- China and the so-called Asiatic “tigers” and “dragons” received substantial funds based on the parity between their currencies and the dollar (a great deal for the foreign investors), which fuelled their rapid but illusory growth;

           - A series of important Latin American countries (Brazil, Chile, Argentina, Venezuela, and Mexico) were the centre of enormous speculative loans paid for by high short-term interest rates.

-  A spectacular growth of labour productivity which allowed the lowering of costs and made American goods more competitive.

- An aggressive trade policy on the part of American capital whose pillars were:

           - Obliging its rivals to dismantle their tariffs and other protectionist mechanisms

           - The manipulation of the dollar, allowing its exchange rate to fall when the priority was to stimulate exports and making it rise when it was essential to attract funds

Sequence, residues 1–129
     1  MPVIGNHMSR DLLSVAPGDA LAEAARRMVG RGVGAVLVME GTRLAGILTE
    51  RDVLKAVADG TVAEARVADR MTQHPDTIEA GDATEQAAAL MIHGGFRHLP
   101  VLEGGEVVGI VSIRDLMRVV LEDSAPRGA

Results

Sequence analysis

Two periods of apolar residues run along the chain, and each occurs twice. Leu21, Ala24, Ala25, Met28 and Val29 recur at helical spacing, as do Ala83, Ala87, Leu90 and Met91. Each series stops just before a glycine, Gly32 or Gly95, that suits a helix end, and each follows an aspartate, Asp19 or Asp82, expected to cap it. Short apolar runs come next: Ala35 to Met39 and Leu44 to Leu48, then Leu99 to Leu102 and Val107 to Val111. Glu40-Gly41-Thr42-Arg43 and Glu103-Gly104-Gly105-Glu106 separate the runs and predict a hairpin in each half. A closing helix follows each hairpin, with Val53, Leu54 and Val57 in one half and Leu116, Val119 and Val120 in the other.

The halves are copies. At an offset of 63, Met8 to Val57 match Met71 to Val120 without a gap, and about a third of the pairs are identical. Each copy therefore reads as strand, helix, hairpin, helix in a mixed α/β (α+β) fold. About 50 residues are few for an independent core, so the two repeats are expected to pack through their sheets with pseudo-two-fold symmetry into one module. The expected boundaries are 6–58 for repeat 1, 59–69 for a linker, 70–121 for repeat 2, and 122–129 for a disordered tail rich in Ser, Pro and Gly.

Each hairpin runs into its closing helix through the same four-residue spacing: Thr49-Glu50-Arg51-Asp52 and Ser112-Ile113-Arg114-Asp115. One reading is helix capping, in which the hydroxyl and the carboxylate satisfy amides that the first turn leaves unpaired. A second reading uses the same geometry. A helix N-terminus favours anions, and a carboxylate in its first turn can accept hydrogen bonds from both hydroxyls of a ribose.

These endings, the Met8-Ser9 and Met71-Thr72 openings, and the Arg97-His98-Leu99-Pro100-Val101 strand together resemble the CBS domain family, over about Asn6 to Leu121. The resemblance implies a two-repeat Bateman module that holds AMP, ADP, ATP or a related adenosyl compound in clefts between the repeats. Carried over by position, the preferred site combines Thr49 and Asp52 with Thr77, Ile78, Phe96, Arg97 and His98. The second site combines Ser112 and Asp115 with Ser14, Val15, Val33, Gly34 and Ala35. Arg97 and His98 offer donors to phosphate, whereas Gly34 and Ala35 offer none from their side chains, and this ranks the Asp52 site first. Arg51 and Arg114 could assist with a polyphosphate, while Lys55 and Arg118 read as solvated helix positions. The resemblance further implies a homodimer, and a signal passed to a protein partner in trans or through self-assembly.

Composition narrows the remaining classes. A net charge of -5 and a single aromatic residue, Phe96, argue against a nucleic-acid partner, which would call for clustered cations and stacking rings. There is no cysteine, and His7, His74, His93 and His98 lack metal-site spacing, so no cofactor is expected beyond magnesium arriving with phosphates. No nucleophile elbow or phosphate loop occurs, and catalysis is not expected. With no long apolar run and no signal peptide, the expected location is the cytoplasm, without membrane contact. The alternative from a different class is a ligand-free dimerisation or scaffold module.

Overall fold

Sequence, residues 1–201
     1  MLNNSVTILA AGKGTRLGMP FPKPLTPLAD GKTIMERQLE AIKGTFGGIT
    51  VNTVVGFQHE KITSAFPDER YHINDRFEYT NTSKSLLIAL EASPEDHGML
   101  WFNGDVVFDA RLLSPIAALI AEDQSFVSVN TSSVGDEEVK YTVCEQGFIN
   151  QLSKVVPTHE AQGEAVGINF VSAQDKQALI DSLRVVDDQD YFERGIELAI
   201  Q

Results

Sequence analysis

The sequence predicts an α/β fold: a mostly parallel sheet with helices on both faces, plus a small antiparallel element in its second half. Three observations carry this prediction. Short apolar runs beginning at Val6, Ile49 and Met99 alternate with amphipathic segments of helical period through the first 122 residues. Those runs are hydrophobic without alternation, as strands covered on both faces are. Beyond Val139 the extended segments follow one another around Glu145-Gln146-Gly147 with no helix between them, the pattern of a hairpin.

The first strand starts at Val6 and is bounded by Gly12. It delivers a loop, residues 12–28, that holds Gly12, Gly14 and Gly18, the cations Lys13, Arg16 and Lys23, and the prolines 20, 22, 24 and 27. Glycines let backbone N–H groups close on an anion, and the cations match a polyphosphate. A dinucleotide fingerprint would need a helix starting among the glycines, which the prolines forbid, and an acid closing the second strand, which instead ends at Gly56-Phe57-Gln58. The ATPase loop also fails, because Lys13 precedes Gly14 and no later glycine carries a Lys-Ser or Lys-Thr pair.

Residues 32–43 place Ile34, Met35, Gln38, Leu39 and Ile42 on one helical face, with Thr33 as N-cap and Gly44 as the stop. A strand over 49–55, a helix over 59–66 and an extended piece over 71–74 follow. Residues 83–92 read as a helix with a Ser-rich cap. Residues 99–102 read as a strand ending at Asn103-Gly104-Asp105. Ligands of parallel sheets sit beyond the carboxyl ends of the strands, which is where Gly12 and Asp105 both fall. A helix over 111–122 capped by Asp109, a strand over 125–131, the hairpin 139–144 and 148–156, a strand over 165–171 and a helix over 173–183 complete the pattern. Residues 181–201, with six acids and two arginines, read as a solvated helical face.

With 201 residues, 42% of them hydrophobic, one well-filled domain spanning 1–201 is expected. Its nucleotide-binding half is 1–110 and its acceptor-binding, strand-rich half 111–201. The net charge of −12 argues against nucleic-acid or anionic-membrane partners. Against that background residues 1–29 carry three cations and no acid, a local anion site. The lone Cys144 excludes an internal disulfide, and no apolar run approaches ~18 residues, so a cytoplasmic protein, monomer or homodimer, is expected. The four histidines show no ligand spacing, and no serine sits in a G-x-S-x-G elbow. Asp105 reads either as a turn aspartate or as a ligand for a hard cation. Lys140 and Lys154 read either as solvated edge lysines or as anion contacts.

- Taking full advantage of all the instruments that the USA has as the main imperialist power (military, diplomatic, economic) in order to improve its position on the world market.

The European countries followed the same route as the USA and from 1995 also enjoyed “growth” although at a much lower level (figures fluctuated between 1% and 3%).

The most distinct characteristic of this new “recovery” is that it is a recovery without jobs, which constituted a new development compared to previous ones. Thus:

- unemployment did not stop growing between 1993-96 in the countries of the OECD

- large companies, far from increasing jobs continued to destroy them: it is calculated that in the USA the Fortune 500 companies shed 500,000 posts between 1993-96

- For the first time since 1945 the number of civil servants fell. The American federal administration cut 118,000 jobs between 1994-96